While it is impossible to confirm whether an Ohio nursing facility that allows medical marijuana will be federally prosecuted, the likelihood of that happening seems low because the biggest protection to those engaged in state-sanctioned medical marijuana conduct is still in place – the Rohrabacher Amendment (discussed below). Additionally, a nursing facility can circumvent some concerns by ensuring that it does not commit a prosecutable offense under federal law. For example, nursing facilities must not engage in the delivery of medical marijuana to their patients and must not administer medical marijuana to their patients. These are two acts that are specifically prohibited by the CSA.
The Rohrabacher Amendment has been interpreted as prohibiting the Department of Justice (DOJ), which includes the Drug Enforcement Administration, from using federal funds to interfere with state-sanctioned medical marijuana programs. The Amendment is not permanent law, which means it must be periodically renewed by Congress. Most recently, it was extended to September 2018 in the spending bill enacted by Congress on March 21, 2018.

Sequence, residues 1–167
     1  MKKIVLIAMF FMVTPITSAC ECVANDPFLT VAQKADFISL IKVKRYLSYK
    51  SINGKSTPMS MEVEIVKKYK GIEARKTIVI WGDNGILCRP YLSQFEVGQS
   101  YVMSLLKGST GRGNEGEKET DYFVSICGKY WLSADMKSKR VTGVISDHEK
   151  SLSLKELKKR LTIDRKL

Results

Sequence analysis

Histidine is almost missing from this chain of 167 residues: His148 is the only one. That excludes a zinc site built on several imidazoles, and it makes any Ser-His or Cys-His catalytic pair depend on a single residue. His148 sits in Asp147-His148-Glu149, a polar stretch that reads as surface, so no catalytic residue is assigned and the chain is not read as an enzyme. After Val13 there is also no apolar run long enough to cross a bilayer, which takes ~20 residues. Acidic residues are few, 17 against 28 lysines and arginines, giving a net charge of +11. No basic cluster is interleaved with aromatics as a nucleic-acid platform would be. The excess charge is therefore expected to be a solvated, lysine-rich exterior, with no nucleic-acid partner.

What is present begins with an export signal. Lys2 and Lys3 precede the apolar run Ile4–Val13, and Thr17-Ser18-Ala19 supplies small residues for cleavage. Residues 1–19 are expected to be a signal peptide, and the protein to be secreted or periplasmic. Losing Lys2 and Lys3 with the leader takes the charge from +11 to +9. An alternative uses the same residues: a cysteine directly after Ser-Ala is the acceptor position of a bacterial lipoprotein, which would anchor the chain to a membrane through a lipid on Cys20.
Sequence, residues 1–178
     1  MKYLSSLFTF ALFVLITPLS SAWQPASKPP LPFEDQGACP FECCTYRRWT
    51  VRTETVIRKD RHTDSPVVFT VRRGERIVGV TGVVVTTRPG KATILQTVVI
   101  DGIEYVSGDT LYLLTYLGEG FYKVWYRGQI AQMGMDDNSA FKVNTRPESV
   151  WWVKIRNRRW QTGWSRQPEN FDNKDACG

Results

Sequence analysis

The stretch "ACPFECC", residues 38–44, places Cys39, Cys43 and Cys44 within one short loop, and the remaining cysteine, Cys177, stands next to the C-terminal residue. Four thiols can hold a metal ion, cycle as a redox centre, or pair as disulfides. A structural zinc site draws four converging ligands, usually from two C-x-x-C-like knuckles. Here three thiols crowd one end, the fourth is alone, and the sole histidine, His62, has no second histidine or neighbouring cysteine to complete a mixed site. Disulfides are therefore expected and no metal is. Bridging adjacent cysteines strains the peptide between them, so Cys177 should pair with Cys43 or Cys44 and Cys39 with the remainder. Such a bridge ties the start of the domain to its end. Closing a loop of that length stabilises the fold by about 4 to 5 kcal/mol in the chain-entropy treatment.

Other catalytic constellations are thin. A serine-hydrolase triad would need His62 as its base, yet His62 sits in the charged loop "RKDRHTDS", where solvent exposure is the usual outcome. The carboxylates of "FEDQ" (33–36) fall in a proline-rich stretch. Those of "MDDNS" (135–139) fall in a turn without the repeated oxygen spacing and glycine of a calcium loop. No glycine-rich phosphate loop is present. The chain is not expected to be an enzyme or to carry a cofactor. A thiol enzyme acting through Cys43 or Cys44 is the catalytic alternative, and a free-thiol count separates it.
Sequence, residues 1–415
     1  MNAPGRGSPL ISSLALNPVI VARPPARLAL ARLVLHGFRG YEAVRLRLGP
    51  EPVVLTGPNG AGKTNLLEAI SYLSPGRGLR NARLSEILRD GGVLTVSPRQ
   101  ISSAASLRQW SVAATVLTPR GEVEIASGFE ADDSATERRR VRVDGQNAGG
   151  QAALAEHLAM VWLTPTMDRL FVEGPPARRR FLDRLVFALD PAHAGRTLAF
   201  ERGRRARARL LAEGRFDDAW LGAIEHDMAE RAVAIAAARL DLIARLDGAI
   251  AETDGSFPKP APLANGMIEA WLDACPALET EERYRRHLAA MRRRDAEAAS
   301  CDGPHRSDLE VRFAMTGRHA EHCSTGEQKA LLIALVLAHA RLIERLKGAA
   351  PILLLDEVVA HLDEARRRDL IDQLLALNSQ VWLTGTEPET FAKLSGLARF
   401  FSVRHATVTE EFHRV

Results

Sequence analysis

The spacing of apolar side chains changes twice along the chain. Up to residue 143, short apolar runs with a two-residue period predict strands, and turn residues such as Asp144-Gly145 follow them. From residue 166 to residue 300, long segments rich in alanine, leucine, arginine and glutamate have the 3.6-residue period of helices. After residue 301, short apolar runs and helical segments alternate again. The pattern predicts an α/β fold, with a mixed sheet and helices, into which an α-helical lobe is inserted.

Federal courts have interpreted the Amendment as a bar to federal medical marijuana prosecutions when the accused can demonstrate that their conduct strictly complied with the state’s medical marijuana laws. Three district courts within the Sixth Circuit – the federal court system with jurisdiction over Ohio – have applied this reasoning to enjoin federal medical marijuana prosecutions in Michigan, which also has a medical marijuana program. Therefore, the Amendment can give nursing facilities some solace that if permission is given to patients to use medical marijuana, and all conduct remains within the boundaries of Ohio’s medical marijuana law, prosecution is unlikely.
Developing a Compliance Program